In mid-March 1704, after settling the problem with pay arrears, these battalions were posted in Southern Brabant. In July, they were ordered to join Marlborough's Army in Bavaria. Upon their arrival, they were assigned to the army of Prince Eugène de Savoie and stationed at Heidelberg. On 13 August, they took part in the Battle of Blenheim. In the autumn, they took part in the sieges of Trarbach and Saarburg. They took up their winter-quarters between the Moselle and the Rhine.

At the end of May 1706, these battalions joined Marlborouh's Army and took part in the Battle of Ramillies. They were present at the ensuing sieges of Antwerp, Ostend, Menin, Ath, Dendermonde and Oudenarde.

In 1709, these battalions took part in the siege of Tournai. On 11 September, they fought in the Battle of Malplaquet.

In 1714, these battalions returned to Denmark.



Uniform in 1701 - Copyright: Richard Couture
Uniform Details as per
Snorasson and Henriksen, and Martinsson
Fusilier black felt flat topped hat with brims variously fastened up (one side, two sides or three sides or worn as a simple slouch hat). The brim was usually edged with a braid. A cord ran around the basis of the crown. A rosette in the distinctive colour of the regiment or later a black cockade was worn on the left side of the hat. The lace and the cord could have been of the distinctive colour of the regiment (particularly in the early years of the conflict) or in the metal colour of the regiment (yellow or white).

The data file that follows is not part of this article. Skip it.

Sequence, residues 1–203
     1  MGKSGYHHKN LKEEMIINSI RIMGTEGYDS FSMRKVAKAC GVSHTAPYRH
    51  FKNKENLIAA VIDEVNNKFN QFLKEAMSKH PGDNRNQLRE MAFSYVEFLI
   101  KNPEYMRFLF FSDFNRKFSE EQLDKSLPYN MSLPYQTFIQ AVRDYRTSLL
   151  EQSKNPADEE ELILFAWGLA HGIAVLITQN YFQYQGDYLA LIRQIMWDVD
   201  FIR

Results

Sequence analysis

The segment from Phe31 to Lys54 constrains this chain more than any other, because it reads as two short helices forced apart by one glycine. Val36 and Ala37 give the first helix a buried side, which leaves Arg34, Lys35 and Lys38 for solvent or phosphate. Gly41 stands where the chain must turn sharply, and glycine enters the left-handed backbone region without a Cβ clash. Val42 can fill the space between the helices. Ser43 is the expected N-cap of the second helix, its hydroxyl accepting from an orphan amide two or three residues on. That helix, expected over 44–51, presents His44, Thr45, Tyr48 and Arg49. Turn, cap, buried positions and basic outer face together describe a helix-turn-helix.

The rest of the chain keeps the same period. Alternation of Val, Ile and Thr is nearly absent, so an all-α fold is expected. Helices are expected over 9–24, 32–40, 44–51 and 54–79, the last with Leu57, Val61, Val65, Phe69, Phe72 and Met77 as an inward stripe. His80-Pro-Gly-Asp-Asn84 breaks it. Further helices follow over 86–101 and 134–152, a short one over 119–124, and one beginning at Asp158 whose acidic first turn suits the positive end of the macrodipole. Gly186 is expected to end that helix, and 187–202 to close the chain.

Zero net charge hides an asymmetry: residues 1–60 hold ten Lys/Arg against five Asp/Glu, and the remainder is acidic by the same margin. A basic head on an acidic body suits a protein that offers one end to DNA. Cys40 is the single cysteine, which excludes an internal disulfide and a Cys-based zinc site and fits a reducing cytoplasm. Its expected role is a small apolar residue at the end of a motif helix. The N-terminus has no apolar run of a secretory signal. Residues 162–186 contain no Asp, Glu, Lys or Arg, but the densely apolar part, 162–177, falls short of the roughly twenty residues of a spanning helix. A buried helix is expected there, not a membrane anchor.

Grenadier Grenadier caps came in several design from the popular cloth mitre cap to the bearskin with a hanging bag or the fur bonnet.
Neck stock white
Coat double-breasted grey-white coat with 22 pewter buttons (11 on each side) and 1 pewter button on each side in the small of the back. In the first years of the war, all buttonholes were usually trimmed in the distinctive colour of the regiment.
Collar none
Shoulder Straps none
Lapels none
Pockets horizontal pockets, each with 3 pewter buttons
Cuffs dark blue, each with 3 pewter buttons
Turnbacks none
Waistcoat dark blue with pewter buttons
Breeches dark blue during the early years of the war and gradually standardized to red
Stockings dark blue fastened under the knee with a natural leather strap
Gaiters the use of gaiters generalized much later but they were already used in 1700 where red gaiters are reported
Overcoat grey-white with dark blue lining and a dark blue collar
Leather Equipment
Cross-belt yellowish natural leather worn across the left shoulder
Waist-belt yellowish natural leather waist-belt worn above the coat